Hell’s Itch: Treating a Sunburn + Prevention

When a person heals from sunburn, he or she may experience hell’s itch. What exactly is it?

Treating Hell's Itch

A sunburn itch can turn into hell’s itch, which, as the name suggests, is an agonizing experience. Anyone who has a sunburn is susceptible, but only a few are unlucky enough to get it.

‘Hell’s itch’ describes the pain and itch that anyone may feel due when healing from sunburn. It is also called “devils itch”, “fire ant itch”, and “suicide itch”. This sunburn itch from hell reaction develops within 24 to 72 hours after a sunburn, just around the time when it starts to heal. It usually develops at the back and on the shoulders. 


What Causes This Itch?

This affects 5 to 10% of people who have a sunburn. There no further studies to back up why this happens or who may be susceptible to this condition. In addition, it is not known whether people exposed to this condition will continue to get it or not.

One thing remains consistent, however. Hell’s itch is a reaction from a sunburn, which happens due to prolonged exposure to the sun without enough protection. In hell’s itch, the nerve endings of the sunburnt skin are irritated, sending “itching” signals to the central nervous system while on the process of healing.   


Risk Factors for Sunburn

  • People with fair skin, blue eyes, and light hair
  • Expose to a sunny, warm, or high altitude environment
  • Work involves being outdoors
  • Unprotected exposure to UV rays from the sun or artificial sources
  • On certain medications, such as photosensitizing drugs
  • Sun exposure and using alcohol
  • People who have sunburn history


Treatment for Sunburn and Hell’s Itch

Nobody wants to get sunburned, so at its onset, you need to get out of the sun.

Cool it down

If near water you can dip fast then stay away from the sun and cover. A cool compress is another way to cool or a fast-cool shower avoiding harsh soap. You need to ensure that your sunburned skin will not further be irritated. In addition, the use of ice has a numbing effect and it will not only reduce the swelling but the itchiness as well.  


The best time to apply a gentle lotion is when the skin is still damp. You need to keep your burned skin moist while it is healing.

Reduce inflammation

To reduce inflammation and discomfort, take nonsteroidal anti-inflammatory drugs (NSAID) like naproxen, ibuprofen, and aspirin. You may also apply 1% over-the-counter cortisone cream. This cream applied lightly will address the redness and the swelling.  An aloe vera is also safe in soothing a mild burn. A traditional home remedy not only for sunburned skin but also heal the wounds. Just ensure you use the pure aloe vera gel extracts.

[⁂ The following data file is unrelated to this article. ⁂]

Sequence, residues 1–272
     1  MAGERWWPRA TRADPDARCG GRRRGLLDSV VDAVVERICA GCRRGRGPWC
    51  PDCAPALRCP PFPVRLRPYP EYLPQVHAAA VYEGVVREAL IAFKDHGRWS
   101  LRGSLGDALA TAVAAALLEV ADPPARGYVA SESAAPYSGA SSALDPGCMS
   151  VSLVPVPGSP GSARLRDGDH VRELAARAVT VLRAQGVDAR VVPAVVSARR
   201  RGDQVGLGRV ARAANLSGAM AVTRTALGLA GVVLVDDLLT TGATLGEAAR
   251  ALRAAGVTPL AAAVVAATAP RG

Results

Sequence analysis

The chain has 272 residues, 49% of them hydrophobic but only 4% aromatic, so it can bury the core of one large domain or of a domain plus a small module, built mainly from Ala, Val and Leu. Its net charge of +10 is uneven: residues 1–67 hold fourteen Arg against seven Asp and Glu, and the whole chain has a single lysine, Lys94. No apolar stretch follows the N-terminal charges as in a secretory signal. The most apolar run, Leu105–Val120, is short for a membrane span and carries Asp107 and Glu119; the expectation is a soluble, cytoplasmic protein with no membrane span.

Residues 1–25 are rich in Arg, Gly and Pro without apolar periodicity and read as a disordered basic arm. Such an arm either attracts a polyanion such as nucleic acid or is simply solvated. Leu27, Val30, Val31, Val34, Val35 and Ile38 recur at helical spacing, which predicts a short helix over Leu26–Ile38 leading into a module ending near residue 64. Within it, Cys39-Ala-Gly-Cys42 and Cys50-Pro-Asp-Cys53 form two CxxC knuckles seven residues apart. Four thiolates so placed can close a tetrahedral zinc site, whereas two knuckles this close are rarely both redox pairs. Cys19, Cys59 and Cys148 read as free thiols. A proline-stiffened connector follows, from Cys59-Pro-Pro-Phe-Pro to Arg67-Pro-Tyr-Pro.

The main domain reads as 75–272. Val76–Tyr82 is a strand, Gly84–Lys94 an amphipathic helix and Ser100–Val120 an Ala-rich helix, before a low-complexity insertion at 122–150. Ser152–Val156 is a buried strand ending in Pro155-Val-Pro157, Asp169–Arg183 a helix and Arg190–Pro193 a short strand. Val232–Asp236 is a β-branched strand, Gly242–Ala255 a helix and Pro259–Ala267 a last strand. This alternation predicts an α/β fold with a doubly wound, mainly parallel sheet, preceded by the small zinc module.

Take a lukewarm bath

A lukewarm bath with colloidal oatmeal will soothe the itch. Colloidal oatmeal contains avenacin, a compound that has antifungal properties.

Reduce itchiness

Oral antihistamines like Benadryl is commonly used for allergy symptoms. They can help relieve the itch, moreover, make you sleepy or drowsy. This effect might be helpful since the itchiness sometimes deprive you of sleep. 


Replenish by drinking extra water and a sports drink with electrolytes immediately. Prolonged exposure to the sun depletes the burned skin surface with fluid which can dehydrate you.      

It is important to consult a doctor when you have severe blisters, have fever or chills as these are signs of infection.


What Not To Do

There are things that can make hell’s itch worse. You should avoid:

  • Scratching. It will not relieve the itch and just increase your pain.
  • Popping blisters. A wound is a possible entry of infection.
  • Putting ice directly on the skin. Directly applied ice will prolong the healing process.
  • Topical pain reliever (benzocaine) or numbing creams
  • Greasy lotions. Mineral oil, plant oils, petroleum jelly
  • Long baths. It will take skin moisture and worsen itching



Hell’s itch is uncommon until one encounter it. No one knows that a common sunburn can lead to hell’s itch. To avoid sunburn, two preventive methods such as proper use of sunscreen and avoiding sun exposure,

1. Use Sunscreen

  • Use a broad-spectrum sunscreen. The best sunscreen is one that protects both ultraviolet A (UVA), age the skin and ultraviolet B(UVB) rays will burn the skin. Do mind the labels when you get a sunscreen.   
  • Choose appropriate SPF. An SPF measures sunscreen protection from UVB rays and not UVA rays. work   Dermatologist usually recommends at least SPF 15 for daily protection and higher SPF for longer sun exposure.
  • Check the expiration date. A sunscreen or any other items with an expiry will not be effective if already past its usable date.
  • Apply generously. To get its benefit, you need to apply enough to avoid sunburn. Follow the application instructions to get its benefit.
  • Regularly reapply. If under the sun, sunscreen wears off so you need to reapply every two hours. And if you are in the water, reapplication can be often as you get out of the water.

2. Limit Sun Exposure

  • Avoid the sun at its peak. The sun’s peak is between 10 am to 2 pm, where the UV rays are strongest.
  • Wear the right clothes.  At times, you cannot avoid going out at the sun’s peak that you simply must wear cover with protective clothing to avoid sunburn. Dark clothing blocks more sunlight than light colored clothes. Also, available clothing with UV protection as an alternative.
  • Accessories for eyes and head protection. The appropriate hat can cover your scalp from sunburn and sunglasses that provide 100% UV protection.

The only way to prevent a hell’s itch is simple, avoid sunburn. Of course, there is no way to avoid the sun but you need to take protection. Use sunscreen and cover up, and you will be a step ahead of this agonizing hell’s itch.       

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